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Anonymous hacks Oakland officials in retaliation for OWS crackdowns

Published time: February 07, 2012 16:17
Edited time: March 07, 2012 12:24
A masked hacker, part of the Anonymous group (AFP Photo / Jean-Philippe Ksiazek)

A masked hacker, part of the Anonymous group (AFP Photo / Jean-Philippe Ksiazek)

Concerned with the continuous acts of police brutality perpetrated by law enforcement in Oakland, California, the online group Anonymous has published the personal details of some of the city’s leading officials.

Oakland Mayor Jean Quan, Police Chief Howard Johnson and several members of the City Council are targeted in the loose-knit collective’s latest release, which is being touted as retaliation for the ongoing unjust actions by way of the Oakland Police Department and the mayor herself directed at Occupy Oakland. Since its inception, the Occupy Wall Street offshoot in the city of Oakland has undergone intense police scrutiny and spawned several city-wide demonstrations, repeatedly marred by violence made possible by an overzealous police response that often involves the deployment of weaponry to disrupt peaceful protests.

In the latest posting by an alleged member of Anonymous, the city’s actions are called into questioned. “Since the inception of Occupy Oakland, we have been actively monitoring your behavior and exposing the identities and sensitive information of Officers of the Oakland Police Department; as they have continued to act in an unprofessional and violent manner,” a member writes on a website affiliated with the group. “You tear gassed us. You shot us with your weapons. You arrested us. You beat us. You also did this to our friends and to our families.”

Several protesters have been injured during the last few months in Oakland, including Scott Olsen, an Iraq War veteran who suffered a fractured skull after being hit with a police-fired projectile. Despite injuries, the movement has only swelled and Oakland-area protesters continue to take to the streets.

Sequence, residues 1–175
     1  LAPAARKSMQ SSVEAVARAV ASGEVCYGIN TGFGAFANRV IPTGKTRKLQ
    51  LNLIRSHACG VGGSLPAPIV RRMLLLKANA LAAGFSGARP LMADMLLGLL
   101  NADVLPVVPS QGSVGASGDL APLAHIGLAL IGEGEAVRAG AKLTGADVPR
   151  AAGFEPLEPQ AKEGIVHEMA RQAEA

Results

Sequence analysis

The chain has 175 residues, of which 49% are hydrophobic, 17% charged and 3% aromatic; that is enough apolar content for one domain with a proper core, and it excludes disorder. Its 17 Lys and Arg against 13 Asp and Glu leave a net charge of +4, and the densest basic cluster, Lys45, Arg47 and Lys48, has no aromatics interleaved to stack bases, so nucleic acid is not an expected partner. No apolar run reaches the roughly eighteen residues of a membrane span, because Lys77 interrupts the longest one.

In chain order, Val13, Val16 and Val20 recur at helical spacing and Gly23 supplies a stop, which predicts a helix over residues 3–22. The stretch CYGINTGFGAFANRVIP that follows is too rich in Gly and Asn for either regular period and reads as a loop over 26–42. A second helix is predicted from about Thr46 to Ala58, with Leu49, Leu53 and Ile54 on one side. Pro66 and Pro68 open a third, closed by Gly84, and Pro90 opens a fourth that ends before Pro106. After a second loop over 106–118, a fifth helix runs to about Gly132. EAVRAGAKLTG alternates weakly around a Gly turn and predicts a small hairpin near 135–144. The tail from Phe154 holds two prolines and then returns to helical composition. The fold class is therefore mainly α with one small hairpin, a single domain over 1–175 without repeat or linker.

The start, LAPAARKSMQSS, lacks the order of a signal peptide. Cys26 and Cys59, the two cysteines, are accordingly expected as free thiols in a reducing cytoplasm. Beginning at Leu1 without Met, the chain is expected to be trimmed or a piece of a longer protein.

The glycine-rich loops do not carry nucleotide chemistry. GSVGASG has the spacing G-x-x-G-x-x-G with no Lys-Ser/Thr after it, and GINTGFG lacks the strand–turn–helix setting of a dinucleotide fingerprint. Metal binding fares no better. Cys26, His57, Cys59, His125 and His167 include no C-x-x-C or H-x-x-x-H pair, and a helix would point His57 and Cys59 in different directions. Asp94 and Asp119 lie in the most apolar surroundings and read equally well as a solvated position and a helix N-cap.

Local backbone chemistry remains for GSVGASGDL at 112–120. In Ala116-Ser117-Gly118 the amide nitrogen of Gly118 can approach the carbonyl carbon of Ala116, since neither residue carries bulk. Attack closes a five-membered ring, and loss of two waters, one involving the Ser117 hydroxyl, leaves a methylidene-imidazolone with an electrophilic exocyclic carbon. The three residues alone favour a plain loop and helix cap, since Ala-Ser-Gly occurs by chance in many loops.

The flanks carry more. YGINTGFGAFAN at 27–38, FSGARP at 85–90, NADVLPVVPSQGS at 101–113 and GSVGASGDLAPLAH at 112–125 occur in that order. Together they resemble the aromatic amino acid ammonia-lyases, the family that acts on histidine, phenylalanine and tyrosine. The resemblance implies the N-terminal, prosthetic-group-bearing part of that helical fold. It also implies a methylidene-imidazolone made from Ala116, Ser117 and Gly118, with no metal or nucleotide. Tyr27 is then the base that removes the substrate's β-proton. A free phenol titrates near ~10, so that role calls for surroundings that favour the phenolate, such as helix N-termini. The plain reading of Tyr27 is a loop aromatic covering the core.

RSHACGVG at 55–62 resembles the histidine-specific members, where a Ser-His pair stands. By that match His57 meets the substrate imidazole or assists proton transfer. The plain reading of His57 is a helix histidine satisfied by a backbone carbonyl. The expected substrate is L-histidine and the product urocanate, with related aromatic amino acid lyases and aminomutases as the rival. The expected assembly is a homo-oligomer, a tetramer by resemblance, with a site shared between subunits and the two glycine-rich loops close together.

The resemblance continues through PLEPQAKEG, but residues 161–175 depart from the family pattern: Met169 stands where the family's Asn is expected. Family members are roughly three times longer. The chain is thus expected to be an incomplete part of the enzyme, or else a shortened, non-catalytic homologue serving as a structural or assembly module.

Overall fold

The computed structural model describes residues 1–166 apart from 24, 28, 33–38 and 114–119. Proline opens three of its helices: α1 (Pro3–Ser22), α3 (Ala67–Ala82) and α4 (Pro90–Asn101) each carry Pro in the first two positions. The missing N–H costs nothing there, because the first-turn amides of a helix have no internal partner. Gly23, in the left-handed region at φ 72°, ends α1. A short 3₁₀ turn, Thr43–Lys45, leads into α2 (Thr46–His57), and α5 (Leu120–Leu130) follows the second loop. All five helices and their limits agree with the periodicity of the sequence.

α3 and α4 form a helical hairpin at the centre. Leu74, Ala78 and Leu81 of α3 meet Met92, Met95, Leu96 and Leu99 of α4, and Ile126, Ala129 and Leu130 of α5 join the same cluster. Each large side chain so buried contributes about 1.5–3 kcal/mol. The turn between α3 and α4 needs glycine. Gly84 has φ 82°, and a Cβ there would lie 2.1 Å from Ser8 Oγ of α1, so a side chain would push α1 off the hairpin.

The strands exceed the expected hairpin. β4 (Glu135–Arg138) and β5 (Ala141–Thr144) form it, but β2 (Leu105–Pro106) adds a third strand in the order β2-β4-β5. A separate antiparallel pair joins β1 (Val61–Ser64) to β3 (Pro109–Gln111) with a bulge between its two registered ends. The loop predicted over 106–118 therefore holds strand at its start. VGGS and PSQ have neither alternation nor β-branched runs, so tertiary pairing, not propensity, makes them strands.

On Monday, Mayor Quan hosted a rally against Occupy Oakland. The minuscule crowd was dwarfed by hundreds of Occupy protesters themselves. Police responded to the counter-protests clad in riot gear though no injuries were reported.

In their latest release, Anonymous questions authority in Oakland who continue to condemn the movement. Though a message recently published by the hacktivist collective does not make any call for action, it does post the personal details of Mayor Quan and others, which includes home addresses, telephone numbers and birthday.

“The people on this list are supposed to represent the best of what the city of Oakland has to offer. If they are the best, why is there so much trouble within the police department and in the city of Oakland?” asks an Anonymous operative.

Sue Piper, a spokesperson for the mayor, tells the San Francisco Chronicle that all of the information released by Anonymous was previously made public.

The latest release from Anonymous comes days after the group temporarily took down the website of the US Department of Homeland Security and released a treasure trove of emails from the servers of attorneys Puckett and Faraj, the legal team that represented Sgt. Frank Wuterich. Wuterich had admitted his role in a 2005 Haditha, Iraq massacre that left two dozen people dead, including civilians, although was sentenced to no time in jail.

“When justice cannot be found within the confines of their crooked court systems, we must seek revenge on the streets and on the internet – and dealing out swift retaliation is something we are particularly good at,” the group wrote of that release.

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